Sourdough Bread: A Starter (Part Four)

The other, other Boleyn Girl.
The other, other Boleyn Girl.
Photo by Nicholas L. Hall

The problem with complacency is that it's a lie. Invariably, the moment you decide you have everything under control, and you can coast to whatever particular finish line you have in mind, you trip over a rock and fall flat on your face. Or, as is the case here, just when you decide your sourdough starter is healthy and thriving, just days away from being ready for baking, you get mold.

After my whole wheat sourdough waffles, I switched back to AP flour, and everything seemed to be fine. There wasn't even a lag, similar to the one I'd noticed when switching from AP to whole wheat. Then, I pulled the plastic wrap from my starter one recent morning, and immediately noticed an oddly sweet smell commingling with the fresh yeast aroma. I recognized it right away as the smell of sandwich bread just beginning to mold. I didn't see any visible mold, so I fed it as usual, covered it, and hoped for the best. I'm pretty sure that was my fatal mistake.

The next morning, I was again greeted by that foreboding sweetness. This time, it was coupled with a fine and fuzzy blanket of snow-white mold. Swallowing the lump of despair and panic rising in my throat, I calmed myself down and began to research possible solutions. Everything I found suggested that my starter was salvageable. Well, perhaps it might have been.

If discovered early, a mild mold problem can frequently be solved by carefully scraping the surface layer of your starter, removing all traces of mold. When you've scraped the entire surface and removed all visible mold, scrape the surface again. Between scrapings, clean your utensil, to avoid re-introducing the mold into the rest of your starter. After you're done scraping, carefully transfer your remaining starter to a clean bowl, and commence feedings as usual. As you will be eliminating a large proportion of your yeast and bacterial populations, you will also slow down your starter, likely adding a few extra days to the process.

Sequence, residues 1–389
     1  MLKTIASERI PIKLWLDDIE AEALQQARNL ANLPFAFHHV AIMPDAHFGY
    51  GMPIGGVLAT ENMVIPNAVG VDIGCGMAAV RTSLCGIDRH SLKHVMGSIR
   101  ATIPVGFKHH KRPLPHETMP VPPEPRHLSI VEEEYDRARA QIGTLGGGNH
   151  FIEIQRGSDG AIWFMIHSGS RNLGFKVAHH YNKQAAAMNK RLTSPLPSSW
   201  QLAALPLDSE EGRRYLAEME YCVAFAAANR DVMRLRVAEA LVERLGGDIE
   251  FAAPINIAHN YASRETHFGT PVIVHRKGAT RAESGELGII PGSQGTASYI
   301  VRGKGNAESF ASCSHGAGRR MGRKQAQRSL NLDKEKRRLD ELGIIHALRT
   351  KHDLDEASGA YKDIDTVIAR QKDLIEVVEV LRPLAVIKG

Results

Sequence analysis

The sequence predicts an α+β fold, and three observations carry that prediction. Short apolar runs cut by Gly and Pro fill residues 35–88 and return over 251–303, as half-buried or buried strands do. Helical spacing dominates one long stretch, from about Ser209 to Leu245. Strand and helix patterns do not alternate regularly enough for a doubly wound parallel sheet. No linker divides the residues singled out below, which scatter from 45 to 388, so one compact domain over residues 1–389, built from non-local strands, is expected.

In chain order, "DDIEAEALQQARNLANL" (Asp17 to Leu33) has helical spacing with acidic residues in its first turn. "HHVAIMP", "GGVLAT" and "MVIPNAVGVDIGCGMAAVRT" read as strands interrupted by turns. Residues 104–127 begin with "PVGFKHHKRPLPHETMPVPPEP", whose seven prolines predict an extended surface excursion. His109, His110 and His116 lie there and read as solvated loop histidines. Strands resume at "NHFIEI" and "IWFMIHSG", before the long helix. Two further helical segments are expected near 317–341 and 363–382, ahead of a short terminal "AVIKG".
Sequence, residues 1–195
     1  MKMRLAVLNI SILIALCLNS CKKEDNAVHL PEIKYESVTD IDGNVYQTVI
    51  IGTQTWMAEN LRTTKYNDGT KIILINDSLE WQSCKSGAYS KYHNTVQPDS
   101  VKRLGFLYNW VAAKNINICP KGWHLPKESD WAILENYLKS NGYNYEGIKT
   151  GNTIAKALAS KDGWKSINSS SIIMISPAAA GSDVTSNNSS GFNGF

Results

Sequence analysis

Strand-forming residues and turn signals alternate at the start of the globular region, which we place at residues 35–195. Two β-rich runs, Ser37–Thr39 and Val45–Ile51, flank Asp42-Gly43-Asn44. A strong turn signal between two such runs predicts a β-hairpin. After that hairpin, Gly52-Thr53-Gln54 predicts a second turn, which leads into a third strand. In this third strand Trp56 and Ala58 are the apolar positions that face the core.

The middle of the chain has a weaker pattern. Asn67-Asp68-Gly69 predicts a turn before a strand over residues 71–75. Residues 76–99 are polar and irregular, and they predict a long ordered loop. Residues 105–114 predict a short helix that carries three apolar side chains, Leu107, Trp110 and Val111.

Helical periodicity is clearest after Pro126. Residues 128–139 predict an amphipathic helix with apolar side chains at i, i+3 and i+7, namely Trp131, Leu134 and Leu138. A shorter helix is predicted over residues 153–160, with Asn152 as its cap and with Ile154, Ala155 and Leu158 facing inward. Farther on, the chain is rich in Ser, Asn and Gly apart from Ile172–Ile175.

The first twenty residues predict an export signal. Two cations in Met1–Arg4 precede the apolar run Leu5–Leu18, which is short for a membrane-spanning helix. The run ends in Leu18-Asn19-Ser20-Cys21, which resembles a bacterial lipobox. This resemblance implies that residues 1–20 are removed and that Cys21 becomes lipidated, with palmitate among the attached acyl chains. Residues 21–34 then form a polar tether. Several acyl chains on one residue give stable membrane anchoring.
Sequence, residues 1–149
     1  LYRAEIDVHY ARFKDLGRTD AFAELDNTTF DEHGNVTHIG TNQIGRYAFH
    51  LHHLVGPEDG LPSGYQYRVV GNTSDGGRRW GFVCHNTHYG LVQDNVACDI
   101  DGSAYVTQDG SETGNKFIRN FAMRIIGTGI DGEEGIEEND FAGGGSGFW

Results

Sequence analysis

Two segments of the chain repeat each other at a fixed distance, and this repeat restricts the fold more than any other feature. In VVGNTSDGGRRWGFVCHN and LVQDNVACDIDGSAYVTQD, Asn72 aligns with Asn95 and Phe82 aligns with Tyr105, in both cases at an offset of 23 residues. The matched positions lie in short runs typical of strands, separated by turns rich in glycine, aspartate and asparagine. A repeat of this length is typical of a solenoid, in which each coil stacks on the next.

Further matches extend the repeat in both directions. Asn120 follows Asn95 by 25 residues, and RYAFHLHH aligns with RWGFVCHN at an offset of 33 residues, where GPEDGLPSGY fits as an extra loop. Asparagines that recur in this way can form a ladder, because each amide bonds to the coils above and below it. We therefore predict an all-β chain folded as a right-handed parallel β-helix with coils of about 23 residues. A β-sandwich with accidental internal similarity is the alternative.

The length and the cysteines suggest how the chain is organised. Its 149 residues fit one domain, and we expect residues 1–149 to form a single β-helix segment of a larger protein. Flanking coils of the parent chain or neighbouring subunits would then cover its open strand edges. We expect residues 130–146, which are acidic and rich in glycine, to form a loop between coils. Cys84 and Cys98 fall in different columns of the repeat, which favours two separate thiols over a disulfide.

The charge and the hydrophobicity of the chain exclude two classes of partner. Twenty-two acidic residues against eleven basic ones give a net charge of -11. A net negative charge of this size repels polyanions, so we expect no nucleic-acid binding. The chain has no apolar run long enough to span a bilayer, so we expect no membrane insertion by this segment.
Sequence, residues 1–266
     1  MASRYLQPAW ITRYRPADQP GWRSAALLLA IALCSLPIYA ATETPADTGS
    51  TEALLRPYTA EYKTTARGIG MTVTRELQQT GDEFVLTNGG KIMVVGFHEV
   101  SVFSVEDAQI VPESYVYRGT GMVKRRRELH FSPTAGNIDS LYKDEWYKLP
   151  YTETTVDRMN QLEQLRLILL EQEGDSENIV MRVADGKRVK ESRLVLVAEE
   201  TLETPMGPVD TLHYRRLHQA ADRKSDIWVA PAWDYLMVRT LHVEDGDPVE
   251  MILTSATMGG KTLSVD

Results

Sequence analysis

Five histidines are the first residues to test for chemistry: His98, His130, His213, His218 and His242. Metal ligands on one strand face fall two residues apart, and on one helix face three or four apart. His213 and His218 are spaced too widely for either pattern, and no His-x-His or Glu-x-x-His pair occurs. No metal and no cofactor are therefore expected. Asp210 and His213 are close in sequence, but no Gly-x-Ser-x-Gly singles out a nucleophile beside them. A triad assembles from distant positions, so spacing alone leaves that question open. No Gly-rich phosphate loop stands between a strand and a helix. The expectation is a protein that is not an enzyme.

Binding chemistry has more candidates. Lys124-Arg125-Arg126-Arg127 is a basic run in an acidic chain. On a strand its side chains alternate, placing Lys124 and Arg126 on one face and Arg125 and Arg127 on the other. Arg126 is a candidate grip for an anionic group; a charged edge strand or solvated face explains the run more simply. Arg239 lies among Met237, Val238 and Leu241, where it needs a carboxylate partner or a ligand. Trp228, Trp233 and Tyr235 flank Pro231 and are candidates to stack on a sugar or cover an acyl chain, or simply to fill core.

At this point, I think you can see where I went wrong. When I fed my starter that first moldy morning, I also distributed the mold throughout my starter. I had hoped that the ecosystem would be healthy enough to eliminate any mold if I just kept feeding it, but I was clearly premature in that assessment. A few days after first contact, the surface of my starter resembled the pocked and cratered face of a syphilitic courtesan -- once beautiful, now a revolting tragedy.

It pained me to pour my starter, so lovingly tended these past weeks, down the kitchen sink, the angry growl of the InSinkErator reminding me of my folly. In hindsight, my starter probably had been healthy and well developed enough to pop into the refrigerator, stunting its growth but protecting it against that of mold in the process. My new starter has been going for a couple of days, now. It's just starting to show signs of life.



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